» VIEW ALL POSTS Jan 13 2010   4:37AM GMT

Wal-Mart, SAP and sustainability



Posted by: CourtneyBjorlin
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If you’re one Wal-Mart’s 100,000 suppliers, you know that the retail giant has become somewhat synonymous with sustainability. Wal-Mart’s taking measures to be supplied 100% by renewable energy, create zero waste and sell products that sustain people and the environment over the next five years.

And if you’re even marginally tuned into SAP, you know the vendor’s big push over the last year or so has been to sell software that will help companies with sustainability initiatives like Wal-Mart’s.

The two took the stage to highlight their respective sustainability stories at the National Retail Federation annual trade show yesterday in front of a standing-room only crowd of attendees. SAP also shared details on its leading sustainability practices, and its product roadmap.

SAP says it has some 2,000 customers using its sustainability software.

Too bad Wal-Mart isn’t one of those customers.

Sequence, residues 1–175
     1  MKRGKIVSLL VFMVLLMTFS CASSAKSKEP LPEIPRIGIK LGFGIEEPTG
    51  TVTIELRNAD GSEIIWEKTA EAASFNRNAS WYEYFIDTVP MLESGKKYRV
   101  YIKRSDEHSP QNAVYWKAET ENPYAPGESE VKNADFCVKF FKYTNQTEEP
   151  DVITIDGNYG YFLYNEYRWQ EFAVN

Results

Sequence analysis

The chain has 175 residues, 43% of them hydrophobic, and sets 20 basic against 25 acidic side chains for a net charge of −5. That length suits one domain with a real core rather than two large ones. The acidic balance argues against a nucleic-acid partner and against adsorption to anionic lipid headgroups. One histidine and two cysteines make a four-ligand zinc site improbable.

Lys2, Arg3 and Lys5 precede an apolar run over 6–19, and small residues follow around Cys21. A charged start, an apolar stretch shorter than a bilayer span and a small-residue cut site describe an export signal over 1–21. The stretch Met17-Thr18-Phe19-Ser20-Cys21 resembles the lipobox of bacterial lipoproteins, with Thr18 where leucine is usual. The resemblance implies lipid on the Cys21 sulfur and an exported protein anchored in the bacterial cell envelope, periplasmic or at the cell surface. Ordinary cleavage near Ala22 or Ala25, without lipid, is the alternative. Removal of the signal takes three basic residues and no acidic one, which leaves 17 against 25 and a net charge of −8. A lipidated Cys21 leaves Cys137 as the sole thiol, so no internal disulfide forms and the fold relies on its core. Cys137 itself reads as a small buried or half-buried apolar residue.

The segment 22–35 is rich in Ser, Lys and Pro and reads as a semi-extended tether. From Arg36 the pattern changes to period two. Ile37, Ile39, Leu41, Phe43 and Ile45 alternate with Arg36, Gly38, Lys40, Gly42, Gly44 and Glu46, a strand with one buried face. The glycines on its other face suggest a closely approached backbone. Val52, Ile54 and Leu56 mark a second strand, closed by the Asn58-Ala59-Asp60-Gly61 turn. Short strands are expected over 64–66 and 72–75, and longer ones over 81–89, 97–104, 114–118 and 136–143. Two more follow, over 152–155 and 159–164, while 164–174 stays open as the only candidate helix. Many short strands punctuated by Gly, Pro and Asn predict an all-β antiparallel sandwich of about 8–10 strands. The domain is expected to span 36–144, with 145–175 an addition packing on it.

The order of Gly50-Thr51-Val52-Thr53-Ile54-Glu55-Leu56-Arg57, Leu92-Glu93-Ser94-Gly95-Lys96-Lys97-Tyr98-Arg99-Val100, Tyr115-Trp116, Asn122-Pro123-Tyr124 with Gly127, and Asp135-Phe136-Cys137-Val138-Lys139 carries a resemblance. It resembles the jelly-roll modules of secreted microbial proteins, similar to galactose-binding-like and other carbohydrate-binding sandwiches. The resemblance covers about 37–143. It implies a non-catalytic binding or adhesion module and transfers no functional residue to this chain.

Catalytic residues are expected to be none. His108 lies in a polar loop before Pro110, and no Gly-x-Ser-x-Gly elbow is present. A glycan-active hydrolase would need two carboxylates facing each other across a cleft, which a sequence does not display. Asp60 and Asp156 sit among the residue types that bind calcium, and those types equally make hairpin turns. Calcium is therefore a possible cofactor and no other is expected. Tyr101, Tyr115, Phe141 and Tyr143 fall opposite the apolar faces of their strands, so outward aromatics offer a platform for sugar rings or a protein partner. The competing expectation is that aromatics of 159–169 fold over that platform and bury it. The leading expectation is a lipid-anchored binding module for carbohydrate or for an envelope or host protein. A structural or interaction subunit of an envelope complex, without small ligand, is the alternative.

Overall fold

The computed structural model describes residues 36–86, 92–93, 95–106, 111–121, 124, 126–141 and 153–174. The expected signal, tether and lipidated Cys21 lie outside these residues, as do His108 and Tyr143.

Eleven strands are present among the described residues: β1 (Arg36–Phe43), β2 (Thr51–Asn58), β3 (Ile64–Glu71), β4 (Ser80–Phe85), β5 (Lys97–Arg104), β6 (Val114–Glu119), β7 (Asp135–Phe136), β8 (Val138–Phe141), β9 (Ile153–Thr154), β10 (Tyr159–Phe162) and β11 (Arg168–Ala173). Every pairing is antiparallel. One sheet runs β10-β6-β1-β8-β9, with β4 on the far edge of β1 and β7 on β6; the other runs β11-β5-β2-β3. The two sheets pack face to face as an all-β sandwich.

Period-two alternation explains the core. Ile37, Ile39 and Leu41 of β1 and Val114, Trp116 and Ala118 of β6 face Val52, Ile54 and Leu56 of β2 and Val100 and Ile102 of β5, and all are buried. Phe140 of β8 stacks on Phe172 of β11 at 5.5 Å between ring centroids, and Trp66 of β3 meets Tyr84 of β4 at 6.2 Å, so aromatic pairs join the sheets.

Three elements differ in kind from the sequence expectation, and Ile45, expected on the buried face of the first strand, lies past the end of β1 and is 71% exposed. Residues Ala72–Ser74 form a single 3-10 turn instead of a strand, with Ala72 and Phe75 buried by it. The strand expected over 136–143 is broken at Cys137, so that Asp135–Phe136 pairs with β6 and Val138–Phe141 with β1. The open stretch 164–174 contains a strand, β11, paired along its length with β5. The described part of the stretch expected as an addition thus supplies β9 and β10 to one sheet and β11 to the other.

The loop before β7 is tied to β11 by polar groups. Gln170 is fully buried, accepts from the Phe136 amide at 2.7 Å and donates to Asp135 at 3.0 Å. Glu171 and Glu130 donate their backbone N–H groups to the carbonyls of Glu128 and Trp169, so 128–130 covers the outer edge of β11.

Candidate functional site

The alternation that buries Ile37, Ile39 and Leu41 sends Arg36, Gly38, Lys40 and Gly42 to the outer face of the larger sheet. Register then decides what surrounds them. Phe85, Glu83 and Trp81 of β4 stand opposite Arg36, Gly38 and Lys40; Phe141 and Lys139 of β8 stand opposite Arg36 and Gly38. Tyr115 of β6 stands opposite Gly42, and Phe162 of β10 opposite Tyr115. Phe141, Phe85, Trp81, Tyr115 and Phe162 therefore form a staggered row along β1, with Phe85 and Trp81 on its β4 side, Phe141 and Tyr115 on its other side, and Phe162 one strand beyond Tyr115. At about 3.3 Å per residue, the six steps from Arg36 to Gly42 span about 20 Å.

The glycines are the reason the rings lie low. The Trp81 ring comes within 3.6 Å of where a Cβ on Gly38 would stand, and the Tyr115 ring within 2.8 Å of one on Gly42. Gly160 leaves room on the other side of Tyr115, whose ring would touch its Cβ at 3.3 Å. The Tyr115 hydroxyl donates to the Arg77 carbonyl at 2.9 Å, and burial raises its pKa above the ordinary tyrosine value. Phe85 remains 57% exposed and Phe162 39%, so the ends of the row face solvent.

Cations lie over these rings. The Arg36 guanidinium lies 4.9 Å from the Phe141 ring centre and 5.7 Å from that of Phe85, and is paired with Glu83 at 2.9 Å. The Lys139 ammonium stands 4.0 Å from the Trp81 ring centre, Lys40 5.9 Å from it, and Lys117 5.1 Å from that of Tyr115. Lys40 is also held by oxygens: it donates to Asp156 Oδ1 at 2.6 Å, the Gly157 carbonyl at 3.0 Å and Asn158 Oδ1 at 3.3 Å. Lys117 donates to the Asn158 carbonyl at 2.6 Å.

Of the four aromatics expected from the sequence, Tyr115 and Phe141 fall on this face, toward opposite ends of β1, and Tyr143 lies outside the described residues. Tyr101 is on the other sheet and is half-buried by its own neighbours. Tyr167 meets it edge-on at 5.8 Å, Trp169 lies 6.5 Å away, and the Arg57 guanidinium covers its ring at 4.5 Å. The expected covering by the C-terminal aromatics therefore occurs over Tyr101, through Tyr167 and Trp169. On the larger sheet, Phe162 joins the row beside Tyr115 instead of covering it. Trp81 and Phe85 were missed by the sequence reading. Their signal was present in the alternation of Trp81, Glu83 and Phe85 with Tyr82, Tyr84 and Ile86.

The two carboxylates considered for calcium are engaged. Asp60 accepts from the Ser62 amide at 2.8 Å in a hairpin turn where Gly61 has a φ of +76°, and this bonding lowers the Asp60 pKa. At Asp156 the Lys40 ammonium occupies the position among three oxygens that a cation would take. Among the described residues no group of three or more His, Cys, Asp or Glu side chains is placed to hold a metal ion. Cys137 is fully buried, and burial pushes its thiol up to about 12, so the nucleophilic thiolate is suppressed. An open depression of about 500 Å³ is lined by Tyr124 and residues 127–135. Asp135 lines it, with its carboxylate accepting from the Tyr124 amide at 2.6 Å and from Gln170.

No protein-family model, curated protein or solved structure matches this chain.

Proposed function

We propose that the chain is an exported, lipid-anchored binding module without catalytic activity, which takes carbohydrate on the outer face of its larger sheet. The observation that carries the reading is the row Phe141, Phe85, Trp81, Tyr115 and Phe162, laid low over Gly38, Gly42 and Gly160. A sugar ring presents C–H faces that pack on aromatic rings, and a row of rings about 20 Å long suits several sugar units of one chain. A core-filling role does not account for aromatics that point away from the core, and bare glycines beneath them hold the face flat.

“Not yet,” was the answer SAP Chief Sustainability Officer Peter Graf gave when asked whether Wal-Mart was using any of SAP’s sustainability software.

To be fair, a deal could be in the works. But it made me question who’s actually buying this sustainability software. It would seem that Wal-Mart is a natural fit for SAP’s software. It’s a big SAP customer, and a total of 85% of Wal-Mart’s suppliers are SAP customers.

If Wal-Mart isn’t running it, who is? And if Wal-Mart isn’t running it, why? Have they found something better out there? Or have they found they can manage and track these programs with software they already have?

It would make sense. We’ve heard over and over again that companies are trying to get more value from the very expensive applications they already have in place.

And by extension, the mood at yesterday’s NRF show was one of cautious optimism. Most of the folks I spoke with said they weren’t planning any big application purchases this year. In fact, a few told me they weren’t at NRF to look for applications at all.

Graf said sustainability is no longer “all tree-hugging and luxury.” I think that’s true. There are few businesses out there that haven’t figured out that switching to more efficient light bulbs or idling computers will save them money in the long run, or that consumers are starting to care more about sustainable business practices in the creation of the products they buy.

But is sustainability software still a luxury?

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